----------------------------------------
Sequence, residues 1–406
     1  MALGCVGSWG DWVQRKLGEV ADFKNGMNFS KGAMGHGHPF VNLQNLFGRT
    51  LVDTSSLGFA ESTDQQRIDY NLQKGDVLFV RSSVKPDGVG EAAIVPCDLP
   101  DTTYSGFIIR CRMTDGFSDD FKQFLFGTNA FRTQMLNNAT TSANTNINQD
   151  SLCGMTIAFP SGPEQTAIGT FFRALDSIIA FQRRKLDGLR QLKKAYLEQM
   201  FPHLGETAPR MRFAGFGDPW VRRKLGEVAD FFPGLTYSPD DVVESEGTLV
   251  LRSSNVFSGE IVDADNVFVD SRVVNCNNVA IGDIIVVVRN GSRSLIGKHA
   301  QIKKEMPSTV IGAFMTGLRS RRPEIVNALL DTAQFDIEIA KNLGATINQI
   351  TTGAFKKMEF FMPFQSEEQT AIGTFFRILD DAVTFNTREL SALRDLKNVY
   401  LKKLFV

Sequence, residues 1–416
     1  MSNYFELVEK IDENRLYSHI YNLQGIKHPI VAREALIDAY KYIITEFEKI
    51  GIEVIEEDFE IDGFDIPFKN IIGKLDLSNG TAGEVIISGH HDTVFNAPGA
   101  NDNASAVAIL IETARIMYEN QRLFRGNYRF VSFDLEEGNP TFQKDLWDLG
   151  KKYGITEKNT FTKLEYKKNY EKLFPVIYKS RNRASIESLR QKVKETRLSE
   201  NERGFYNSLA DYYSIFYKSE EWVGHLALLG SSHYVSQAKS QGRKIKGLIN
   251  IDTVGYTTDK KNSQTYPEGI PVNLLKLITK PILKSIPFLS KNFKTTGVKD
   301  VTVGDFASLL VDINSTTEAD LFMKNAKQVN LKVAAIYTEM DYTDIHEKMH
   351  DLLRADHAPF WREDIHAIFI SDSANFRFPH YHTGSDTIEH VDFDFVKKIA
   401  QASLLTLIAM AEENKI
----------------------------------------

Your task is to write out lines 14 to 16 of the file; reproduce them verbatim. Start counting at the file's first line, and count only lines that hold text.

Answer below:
   101  NDNASAVAIL IETARIMYEN QRLFRGNYRF VSFDLEEGNP TFQKDLWDLG
   151  KKYGITEKNT FTKLEYKKNY EKLFPVIYKS RNRASIESLR QKVKETRLSE
   201  NERGFYNSLA DYYSIFYKSE EWVGHLALLG SSHYVSQAKS QGRKIKGLIN